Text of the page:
Becky Gregory-Clarke has, during her time at the BBC, worked on mobile camera technology that changes the way we view sport.
Find out what qualifications she had to bring her to the front of digital broadcasting.
Can you tell us a little about what you do?
I'm a trainee technologist on the BBC’s R & D (Research & Development) scheme, which is two years long and involves three placements.
What kinds of projects do you work on?
My first project was looking at a new generation of HD (High Definition) radio cameras, because there’s a lot more demand for them now.
I’m now working in a section called audience experience, looking at recommendation algorithms...the sort of applications on iPlayer that recommends things you might like to watch. We're looking for ways to make it better.
How did you find your way into the BBC?
I studied Electronic and Electrical Engineering at the University of Bristol. That had a year study in France and was a four-year Master of Engineering degree. Then I worked for a little while at a company called Deltenna near Chippenham as an antennae engineer. I then took a little time out travelling and eventually ended up here.
What kinds of subjects did you study at school?
I studied GCSE electronics as my school offered that. It wasn’t a very popular course, but I really enjoyed it. I’ve always been technical - my father is a scientist - so that’s why.
I enjoyed electronics because I knew nothing about it when I started, and two years later I could build little circuits and know what they did. I thought that was really cool at the time.
I then for A level maths, further maths, French, chemistry and physics. Eventually I got offered a place at Bristol and ended up there.
Is the BBC R & D training programme broad enough to cover all your interests?
Yes. It doesn’t necessary sound it, but my degree was actually broad because it covered everything from digital communications to power stations. It could have gone in lots of different ways, so for a while it was difficult to know what I would do with it.
But, my final year thesis was in multiple camera view calibration which I chose because it was interesting. When I found out about this BBC job and how relevant it was, I started to look at all the things you can do here. I was overwhelmed by the choice and I really like how the trainee scheme allows you to explore the different parts to find out what I’m good at and what I might like before settling in a permanent role.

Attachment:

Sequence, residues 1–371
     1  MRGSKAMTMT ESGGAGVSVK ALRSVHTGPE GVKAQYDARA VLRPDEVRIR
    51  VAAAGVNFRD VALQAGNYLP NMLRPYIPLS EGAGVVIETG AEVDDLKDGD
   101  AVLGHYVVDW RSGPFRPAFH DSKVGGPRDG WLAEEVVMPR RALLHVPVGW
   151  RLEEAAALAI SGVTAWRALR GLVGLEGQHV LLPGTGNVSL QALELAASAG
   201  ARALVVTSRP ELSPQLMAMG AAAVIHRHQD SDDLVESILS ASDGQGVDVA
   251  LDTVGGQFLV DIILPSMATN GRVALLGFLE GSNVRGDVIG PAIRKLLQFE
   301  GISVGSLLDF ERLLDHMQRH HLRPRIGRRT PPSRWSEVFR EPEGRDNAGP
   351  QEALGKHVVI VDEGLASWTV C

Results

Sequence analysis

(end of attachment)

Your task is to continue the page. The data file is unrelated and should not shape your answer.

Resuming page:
The BBC R & D Department. Photo by Mark Bassett
Do people ever think that it’s unusual to be a woman doing an engineering job?
I think that it’s not really portrayed as a very normal thing for girls to do. I think [the fact] that I had a parent with a scientific background helped because I was always encouraged along that route. I think that it’s important for girls to be told ‘yes, you can do anything you want’.
So there have been no obstacles?
No, not really. At the end of it I have the same level of qualifications as everybody else. There’s nothing that stops me from doing it just because I’m a woman, it’s just people’s preconceptions.
Being at the BBC, do you think about the huge numbers of people that your work can reach?
Definitely, I think that’s part of what makes it exciting. In my last one [project] with radio cameras, I got to go on an outside broadcast at Wembley Stadium to see the cameras being used. When you see them in the environment and that someone is actually going to hold it and run around and make a TV programme, that’s really good.
Given that the BBC is about reaching as many people as possible do you think the R & D department plays a large part?
Yes definitely, but I don’t think that it’s always obvious and I think that’s a shame. R & D was crucial in making cameras mobile. They’re now used in sport and follow people around and run up and down a touchline on a pitch. That makes a huge difference to the way you view a programme, but people don’t realise that it came out of R & D.
What do you do outside of work?
I like climbing, hiking and mountaineering. I’m also really into the music scene in London.